There's been alot of discussion on ATS lately regarding the elite, and more specifically, their apparent lack of empathy. It has been studied and
concluded that overall empathy is somewhat lacking in the wealthy set, and much more abundant in the less-fortunate set. Although this disparity
renders multiple outcomes, this post is about how the development of empathy may begin.
We all have subjective traits which mimic those of our families, like a sense of humor or an intellectual bent. But what if our exposure to people in
less-than-ideal circumstances, and the ways our families translate their meanings to us, helps us to "develop" our sense of empathy, just as we may
develop a sense of humor or an appreciation for poetry? A child's development hinges on one dynamic with two potential outcomes: stimulus with
reward, and stimulus with punishment. Although we all develop beyond this mechanism, our formative years are governed by this dynamic.
We also know that repeated exposure to the same stimulus acts as a reinforcement of the corresponding reward or punishment. So if a person is growing
up in a privileged environment, without ever seeing a homeless person, without ever meeting someone who must decide between keeping their home or
taking their medicine, and without repeatedly witnessing firsthand the suffering endured by anyone who can't take the best course of action because it
requires more money than is available, how will that sense of empathy develop?
In psychology, the fundamental attribution error is the phenomenon we're all guilty of: we each attribute our own negative circumstances to a series
of difficult decisions, we tend to attribute the negative circumstances of others as simply being the result of a choice. We essentially recognize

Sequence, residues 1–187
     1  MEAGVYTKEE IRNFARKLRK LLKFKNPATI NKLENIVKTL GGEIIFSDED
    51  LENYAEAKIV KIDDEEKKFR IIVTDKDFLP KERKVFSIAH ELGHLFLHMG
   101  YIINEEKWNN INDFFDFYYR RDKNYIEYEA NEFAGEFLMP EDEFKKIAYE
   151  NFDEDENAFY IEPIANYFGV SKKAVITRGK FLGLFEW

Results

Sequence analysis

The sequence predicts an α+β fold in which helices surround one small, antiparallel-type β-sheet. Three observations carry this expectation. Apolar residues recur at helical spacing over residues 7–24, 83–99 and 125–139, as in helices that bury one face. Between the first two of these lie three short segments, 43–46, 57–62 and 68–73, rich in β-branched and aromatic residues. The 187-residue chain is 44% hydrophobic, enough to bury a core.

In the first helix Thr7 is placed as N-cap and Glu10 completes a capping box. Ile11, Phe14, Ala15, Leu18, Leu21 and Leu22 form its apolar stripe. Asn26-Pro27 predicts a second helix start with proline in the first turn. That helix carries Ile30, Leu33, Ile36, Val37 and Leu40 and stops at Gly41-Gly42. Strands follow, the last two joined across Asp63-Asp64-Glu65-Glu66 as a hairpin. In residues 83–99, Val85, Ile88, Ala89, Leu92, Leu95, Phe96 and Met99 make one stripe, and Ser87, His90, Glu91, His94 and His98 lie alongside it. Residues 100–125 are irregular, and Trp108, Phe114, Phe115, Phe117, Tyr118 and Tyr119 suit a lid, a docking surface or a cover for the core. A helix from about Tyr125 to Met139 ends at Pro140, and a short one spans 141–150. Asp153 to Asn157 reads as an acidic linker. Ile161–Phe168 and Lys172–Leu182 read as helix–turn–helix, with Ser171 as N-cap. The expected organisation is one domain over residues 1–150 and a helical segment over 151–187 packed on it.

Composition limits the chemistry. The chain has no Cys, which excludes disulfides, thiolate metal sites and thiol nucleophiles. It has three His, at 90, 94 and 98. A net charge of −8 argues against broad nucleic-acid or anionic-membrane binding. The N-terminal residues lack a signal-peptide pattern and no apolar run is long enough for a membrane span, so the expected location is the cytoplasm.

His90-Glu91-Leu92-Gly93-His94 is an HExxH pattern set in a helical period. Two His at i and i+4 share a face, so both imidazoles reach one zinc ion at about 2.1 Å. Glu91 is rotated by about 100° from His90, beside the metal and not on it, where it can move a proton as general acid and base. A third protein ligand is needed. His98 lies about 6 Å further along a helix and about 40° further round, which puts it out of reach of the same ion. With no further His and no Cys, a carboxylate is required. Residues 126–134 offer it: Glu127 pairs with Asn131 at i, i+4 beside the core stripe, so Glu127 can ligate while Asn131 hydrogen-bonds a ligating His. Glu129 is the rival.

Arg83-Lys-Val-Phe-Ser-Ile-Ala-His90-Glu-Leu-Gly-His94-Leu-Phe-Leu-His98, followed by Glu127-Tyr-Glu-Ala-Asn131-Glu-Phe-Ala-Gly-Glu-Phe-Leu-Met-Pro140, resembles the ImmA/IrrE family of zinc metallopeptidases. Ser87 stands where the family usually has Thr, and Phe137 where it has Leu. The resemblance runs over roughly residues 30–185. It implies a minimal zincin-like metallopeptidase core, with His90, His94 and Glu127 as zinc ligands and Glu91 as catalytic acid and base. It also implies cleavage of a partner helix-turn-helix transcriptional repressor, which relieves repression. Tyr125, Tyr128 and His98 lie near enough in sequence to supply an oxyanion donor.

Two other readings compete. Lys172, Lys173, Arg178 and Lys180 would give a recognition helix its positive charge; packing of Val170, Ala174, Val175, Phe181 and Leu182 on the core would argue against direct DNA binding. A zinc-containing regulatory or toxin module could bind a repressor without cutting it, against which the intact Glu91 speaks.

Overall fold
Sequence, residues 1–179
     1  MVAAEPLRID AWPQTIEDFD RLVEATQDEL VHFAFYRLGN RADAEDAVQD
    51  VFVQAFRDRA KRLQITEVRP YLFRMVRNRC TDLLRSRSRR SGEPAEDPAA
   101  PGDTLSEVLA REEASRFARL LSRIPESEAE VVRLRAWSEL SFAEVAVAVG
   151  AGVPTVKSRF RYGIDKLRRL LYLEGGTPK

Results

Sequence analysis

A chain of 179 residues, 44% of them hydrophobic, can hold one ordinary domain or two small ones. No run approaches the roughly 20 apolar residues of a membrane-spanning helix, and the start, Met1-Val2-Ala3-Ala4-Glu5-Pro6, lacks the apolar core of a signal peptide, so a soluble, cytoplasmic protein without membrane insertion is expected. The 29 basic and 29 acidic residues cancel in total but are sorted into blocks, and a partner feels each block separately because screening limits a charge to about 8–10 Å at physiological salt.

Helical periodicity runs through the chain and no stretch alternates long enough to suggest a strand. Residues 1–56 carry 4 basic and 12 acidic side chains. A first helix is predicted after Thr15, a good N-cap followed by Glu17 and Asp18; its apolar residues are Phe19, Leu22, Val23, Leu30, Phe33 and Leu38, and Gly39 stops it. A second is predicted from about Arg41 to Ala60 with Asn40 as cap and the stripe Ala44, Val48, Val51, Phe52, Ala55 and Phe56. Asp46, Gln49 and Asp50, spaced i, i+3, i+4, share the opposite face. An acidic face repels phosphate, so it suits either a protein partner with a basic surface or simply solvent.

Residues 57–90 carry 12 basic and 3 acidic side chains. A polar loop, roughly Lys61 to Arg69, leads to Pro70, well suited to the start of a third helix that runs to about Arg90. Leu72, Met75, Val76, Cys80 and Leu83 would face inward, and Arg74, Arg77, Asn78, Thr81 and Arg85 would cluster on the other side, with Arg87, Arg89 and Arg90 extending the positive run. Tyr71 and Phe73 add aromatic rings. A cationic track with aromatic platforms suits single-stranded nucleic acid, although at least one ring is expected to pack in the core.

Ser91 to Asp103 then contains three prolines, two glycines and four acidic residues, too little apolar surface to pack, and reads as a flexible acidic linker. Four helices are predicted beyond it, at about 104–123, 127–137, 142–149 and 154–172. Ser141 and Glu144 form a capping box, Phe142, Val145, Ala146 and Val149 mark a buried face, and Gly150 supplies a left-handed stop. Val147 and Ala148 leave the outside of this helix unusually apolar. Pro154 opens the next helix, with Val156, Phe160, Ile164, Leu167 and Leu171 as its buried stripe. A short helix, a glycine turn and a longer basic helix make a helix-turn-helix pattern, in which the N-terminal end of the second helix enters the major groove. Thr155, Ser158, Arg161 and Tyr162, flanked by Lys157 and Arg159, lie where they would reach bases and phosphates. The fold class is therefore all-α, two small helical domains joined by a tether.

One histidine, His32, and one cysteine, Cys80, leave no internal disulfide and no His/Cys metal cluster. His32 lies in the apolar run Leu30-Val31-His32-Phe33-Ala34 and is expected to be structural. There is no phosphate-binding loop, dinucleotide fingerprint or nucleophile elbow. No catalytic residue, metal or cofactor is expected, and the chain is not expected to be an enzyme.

our own complex nature while simplifying everyone elses'.
Could combining this fundamental attribution error with limited exposures to common, yet unfortunate, human dilemmas be the cause of this lack of
empathy? Does a lifetime of privelege disable our ability to empathize?
In Herman Hesse's "Siddharta", the wealthy Siddharta is awakened to the real world around him in his adulthood, and he is shocked and saddened by the
suffering and sickness hidden from the interior palacial walls his family lived in. Upon venturing beyond the walls, he decides to not return, and
instead, contemplate the nature of humanity and its relationship to suffering. But Siddharta wasn't exposed to misfortune until he was an adult,
allowing him to recognize the shocking contrast. In modern day, the wealthy elite are aware of the people around them in unfortunate circumstances as
soon as they can process the evening news, allowing for gradual desensitization to suffering.
Could empathy be a behavioral skill we learn to exhibit in order to create stronger interpersonal bonds, thereby broadening our circle of social
support and safety? And could the insulation provided by wealth, negating the apparent need for this degree of support and safety, combine with the
fundamental attribution error and limited exposures to create this absence of empathy in our governing elite?
I think so. What say you, ATS?
edit on 8/31/2011 by chasingbrahman because: urf